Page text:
The destruction of both Temples was the result of Jews ignoring the humanity of fellow Jews. The lesson for me is that we can’t care about God without caring for all of God’s creatures.
Rabbi Moskowitz noted we are approaching the saddest time in the Hebrew calendar, the period between the 17th of the month of Tammuz (which falls this year on July 6) and Tisha B’Av, or the 9th of Av (July 26-27). In Hebrew, this three-week period is called Bein HaMitzarim (“between the troubles”). It is connected both thematically and linguistically with the Exodus from Egypt, known in Hebrew as Yetziat Mitzrayim. Moses, he noted, was chosen to lead the Israelites out of bondage because he took on the sacred responsibility to conduct others to safety.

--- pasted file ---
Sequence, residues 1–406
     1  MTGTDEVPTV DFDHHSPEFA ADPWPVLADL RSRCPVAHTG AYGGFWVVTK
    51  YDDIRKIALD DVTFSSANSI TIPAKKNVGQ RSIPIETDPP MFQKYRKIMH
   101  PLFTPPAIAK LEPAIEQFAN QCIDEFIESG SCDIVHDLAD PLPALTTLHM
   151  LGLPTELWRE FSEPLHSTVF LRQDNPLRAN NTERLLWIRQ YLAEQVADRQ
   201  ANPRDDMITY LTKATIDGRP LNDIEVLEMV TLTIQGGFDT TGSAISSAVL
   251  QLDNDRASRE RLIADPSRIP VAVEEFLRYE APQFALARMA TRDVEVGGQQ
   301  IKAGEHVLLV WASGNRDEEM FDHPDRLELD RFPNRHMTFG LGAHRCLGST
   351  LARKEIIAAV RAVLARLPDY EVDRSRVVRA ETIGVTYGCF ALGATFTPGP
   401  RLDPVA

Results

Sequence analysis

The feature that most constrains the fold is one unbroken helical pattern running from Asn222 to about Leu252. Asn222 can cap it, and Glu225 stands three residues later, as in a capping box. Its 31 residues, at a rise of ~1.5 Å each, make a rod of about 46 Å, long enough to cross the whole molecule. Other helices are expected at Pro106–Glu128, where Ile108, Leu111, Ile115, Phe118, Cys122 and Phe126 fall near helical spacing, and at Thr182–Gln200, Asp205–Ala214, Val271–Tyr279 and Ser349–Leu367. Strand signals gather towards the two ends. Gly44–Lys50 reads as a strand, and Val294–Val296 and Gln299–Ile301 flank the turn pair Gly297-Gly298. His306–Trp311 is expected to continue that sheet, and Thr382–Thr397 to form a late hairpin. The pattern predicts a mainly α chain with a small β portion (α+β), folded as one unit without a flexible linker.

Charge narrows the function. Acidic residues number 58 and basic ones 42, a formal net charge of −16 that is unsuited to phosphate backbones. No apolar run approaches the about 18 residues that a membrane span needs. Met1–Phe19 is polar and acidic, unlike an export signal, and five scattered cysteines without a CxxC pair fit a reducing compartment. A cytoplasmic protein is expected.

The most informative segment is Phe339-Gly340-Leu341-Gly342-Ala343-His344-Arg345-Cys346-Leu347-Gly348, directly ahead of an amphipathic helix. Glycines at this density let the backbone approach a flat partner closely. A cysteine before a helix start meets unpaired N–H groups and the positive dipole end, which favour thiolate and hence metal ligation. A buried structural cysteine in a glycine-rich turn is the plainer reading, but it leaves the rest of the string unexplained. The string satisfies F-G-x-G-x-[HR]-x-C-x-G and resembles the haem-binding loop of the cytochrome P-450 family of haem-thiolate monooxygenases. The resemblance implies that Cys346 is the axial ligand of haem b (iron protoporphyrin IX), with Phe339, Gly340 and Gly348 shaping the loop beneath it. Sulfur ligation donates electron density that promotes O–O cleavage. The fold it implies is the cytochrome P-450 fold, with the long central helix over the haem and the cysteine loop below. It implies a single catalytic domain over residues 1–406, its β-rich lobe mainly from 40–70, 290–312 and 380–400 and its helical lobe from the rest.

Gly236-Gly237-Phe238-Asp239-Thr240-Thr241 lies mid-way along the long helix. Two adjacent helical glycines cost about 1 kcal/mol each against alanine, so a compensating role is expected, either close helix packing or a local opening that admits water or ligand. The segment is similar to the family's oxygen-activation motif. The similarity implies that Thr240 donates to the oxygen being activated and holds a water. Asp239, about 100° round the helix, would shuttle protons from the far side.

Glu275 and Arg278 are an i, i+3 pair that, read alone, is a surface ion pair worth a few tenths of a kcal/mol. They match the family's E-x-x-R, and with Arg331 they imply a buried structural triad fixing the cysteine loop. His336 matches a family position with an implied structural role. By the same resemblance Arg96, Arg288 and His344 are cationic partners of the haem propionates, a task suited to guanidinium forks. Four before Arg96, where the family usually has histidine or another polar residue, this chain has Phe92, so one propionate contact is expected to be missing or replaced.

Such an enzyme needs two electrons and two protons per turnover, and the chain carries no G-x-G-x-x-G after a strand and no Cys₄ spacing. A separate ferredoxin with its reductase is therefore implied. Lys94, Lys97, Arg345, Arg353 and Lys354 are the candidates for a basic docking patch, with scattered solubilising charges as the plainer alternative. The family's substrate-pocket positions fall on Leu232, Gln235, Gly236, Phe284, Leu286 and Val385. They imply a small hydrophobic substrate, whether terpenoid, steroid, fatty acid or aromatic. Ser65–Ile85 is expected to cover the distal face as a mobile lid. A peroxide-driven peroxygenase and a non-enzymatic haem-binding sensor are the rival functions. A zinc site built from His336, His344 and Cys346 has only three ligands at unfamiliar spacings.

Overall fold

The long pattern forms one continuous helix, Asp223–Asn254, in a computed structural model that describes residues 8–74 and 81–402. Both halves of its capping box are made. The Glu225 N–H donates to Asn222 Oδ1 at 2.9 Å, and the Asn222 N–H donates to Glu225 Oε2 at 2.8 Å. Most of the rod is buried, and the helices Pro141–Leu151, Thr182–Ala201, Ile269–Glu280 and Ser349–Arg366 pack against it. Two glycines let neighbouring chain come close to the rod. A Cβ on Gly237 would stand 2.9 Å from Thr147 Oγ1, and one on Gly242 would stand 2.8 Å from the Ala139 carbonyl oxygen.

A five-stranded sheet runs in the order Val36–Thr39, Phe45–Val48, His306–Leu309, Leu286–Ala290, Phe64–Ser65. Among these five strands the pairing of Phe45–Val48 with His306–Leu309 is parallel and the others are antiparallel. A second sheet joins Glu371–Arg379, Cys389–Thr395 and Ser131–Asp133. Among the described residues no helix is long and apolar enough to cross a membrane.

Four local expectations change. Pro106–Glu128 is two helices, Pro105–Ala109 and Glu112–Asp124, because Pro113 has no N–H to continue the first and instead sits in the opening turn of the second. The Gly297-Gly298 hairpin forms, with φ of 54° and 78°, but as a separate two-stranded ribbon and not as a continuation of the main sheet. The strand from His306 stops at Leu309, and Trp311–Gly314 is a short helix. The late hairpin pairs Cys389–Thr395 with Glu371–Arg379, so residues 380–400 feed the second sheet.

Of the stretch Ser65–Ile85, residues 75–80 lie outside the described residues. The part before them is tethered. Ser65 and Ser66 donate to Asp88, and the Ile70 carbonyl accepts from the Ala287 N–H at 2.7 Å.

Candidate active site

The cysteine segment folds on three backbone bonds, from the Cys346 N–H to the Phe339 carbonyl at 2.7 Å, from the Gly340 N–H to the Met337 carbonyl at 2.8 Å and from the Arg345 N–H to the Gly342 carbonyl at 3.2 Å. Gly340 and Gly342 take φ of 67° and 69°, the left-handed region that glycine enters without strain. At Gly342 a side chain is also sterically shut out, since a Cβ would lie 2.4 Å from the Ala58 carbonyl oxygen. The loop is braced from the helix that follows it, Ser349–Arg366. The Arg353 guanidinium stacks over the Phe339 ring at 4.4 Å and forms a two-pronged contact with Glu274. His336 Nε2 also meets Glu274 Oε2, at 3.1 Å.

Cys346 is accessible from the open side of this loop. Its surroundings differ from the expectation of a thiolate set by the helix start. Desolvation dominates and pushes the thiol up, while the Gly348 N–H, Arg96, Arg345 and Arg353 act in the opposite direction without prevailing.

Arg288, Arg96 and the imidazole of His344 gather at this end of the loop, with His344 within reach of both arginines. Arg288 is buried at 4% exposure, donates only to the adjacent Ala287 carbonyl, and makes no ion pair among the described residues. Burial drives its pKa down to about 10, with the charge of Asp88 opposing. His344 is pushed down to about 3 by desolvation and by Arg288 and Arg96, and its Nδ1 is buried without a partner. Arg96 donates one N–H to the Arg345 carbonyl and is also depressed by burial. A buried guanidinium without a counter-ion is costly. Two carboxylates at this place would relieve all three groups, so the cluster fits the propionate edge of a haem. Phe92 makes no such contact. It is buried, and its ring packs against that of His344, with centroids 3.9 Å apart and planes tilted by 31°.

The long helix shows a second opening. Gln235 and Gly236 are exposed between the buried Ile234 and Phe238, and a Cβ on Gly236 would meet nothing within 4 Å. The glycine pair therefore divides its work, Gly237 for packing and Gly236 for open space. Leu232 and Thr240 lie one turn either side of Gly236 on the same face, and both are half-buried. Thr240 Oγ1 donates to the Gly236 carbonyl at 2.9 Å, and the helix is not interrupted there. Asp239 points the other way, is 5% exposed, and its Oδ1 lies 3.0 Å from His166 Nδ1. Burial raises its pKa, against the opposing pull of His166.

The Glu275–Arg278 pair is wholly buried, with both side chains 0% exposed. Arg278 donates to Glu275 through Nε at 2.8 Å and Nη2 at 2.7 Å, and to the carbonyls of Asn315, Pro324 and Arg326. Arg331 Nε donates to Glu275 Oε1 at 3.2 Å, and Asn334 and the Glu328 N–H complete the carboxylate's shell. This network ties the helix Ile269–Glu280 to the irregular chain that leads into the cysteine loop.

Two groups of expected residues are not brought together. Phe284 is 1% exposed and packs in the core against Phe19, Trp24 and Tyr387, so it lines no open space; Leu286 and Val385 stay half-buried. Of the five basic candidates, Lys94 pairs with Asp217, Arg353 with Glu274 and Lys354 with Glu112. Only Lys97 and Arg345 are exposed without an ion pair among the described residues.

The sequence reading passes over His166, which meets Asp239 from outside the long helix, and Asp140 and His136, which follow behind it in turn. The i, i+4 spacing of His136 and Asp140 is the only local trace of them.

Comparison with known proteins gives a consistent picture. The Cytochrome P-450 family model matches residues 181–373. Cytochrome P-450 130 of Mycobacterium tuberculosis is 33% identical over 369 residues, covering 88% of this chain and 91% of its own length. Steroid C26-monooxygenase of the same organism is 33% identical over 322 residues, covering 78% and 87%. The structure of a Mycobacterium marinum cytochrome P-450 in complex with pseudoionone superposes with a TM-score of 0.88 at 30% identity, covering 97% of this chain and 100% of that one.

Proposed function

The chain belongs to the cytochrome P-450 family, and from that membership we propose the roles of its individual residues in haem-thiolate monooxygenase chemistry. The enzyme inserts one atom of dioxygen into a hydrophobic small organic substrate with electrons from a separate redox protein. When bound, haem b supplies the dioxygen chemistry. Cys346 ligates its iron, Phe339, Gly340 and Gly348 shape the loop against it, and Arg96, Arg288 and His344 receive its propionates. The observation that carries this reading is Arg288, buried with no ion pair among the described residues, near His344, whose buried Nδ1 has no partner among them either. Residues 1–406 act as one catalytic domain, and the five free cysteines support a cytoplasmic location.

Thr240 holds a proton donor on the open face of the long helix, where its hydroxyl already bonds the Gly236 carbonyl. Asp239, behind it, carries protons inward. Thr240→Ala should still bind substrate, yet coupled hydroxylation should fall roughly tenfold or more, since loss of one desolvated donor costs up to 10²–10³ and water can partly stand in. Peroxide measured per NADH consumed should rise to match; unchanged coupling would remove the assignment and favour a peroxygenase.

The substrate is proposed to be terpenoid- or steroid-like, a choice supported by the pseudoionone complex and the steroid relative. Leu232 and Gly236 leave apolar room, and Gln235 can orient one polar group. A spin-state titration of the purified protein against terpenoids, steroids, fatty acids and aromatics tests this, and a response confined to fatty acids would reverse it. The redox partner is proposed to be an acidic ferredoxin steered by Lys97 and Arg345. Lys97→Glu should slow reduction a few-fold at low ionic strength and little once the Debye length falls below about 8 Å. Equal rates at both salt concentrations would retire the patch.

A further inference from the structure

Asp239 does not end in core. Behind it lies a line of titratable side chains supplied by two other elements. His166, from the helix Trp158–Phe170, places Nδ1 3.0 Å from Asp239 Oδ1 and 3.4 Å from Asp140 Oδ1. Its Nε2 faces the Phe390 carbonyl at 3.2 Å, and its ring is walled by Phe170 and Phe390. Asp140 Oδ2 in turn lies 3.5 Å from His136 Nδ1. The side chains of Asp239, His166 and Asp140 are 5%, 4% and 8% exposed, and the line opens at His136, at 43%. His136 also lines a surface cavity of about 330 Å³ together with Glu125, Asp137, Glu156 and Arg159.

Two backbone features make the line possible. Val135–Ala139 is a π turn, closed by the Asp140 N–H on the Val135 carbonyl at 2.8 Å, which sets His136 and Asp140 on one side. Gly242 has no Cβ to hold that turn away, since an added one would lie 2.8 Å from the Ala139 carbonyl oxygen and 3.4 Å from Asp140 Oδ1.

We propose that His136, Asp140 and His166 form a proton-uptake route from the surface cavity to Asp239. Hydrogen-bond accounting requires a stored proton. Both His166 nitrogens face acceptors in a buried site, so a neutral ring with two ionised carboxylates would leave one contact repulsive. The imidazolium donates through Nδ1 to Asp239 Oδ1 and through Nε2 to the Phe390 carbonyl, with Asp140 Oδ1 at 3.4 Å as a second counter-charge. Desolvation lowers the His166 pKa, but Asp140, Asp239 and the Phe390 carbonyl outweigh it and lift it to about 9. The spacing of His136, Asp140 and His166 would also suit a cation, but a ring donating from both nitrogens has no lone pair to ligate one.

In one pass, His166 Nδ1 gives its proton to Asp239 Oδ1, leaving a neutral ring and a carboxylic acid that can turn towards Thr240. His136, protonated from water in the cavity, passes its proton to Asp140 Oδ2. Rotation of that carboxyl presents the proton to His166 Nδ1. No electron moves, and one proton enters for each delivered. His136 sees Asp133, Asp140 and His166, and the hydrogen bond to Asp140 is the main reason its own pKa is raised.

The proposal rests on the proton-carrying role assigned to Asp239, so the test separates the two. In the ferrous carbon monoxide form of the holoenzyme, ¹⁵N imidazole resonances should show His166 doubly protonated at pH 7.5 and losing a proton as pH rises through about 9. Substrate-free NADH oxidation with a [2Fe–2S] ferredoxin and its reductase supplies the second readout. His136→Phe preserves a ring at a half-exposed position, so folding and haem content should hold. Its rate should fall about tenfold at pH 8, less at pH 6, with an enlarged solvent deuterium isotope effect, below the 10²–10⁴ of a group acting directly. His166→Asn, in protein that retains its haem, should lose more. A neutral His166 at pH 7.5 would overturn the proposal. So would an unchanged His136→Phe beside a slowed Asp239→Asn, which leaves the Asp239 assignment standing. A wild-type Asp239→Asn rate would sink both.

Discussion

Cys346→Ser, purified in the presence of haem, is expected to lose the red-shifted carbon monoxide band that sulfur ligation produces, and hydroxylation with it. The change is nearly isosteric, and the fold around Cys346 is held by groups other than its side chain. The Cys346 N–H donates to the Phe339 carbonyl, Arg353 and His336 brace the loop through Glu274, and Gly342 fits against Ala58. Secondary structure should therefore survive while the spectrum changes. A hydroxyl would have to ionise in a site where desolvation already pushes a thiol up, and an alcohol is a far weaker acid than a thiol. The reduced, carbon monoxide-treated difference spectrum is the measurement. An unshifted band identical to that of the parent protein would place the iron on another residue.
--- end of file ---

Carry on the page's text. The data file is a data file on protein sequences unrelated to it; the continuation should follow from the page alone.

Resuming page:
Though the troubles we face can be overwhelming, none of us are powerless. You can find ways to show that you care about the trans people and their loved ones in your local community. Support parents of trans kids, most of whom are fighting for their children’s right to thrive in an ever-polarizing world. Shift away from the political discourse and towards recognizing the humanity of the individual. Support those who are resisting the push to criminalize transgender expressions, such as the federal judge in Tallahassee who just struck down the statute that prohibited Florida’s Medicaid program from paying for medically necessary treatments for gender dysphoria.
Today, in the United States of America, we must follow Moses’ example and work together to stop the troubles that cause these migrations. We must not allow the situation to become so threatening that people will want to leave their familiar surroundings in search of new, safer homes. We need to do all we can to make it possible for trans people to stay in their homes and enjoy the same protections that all of us are guaranteed under the law.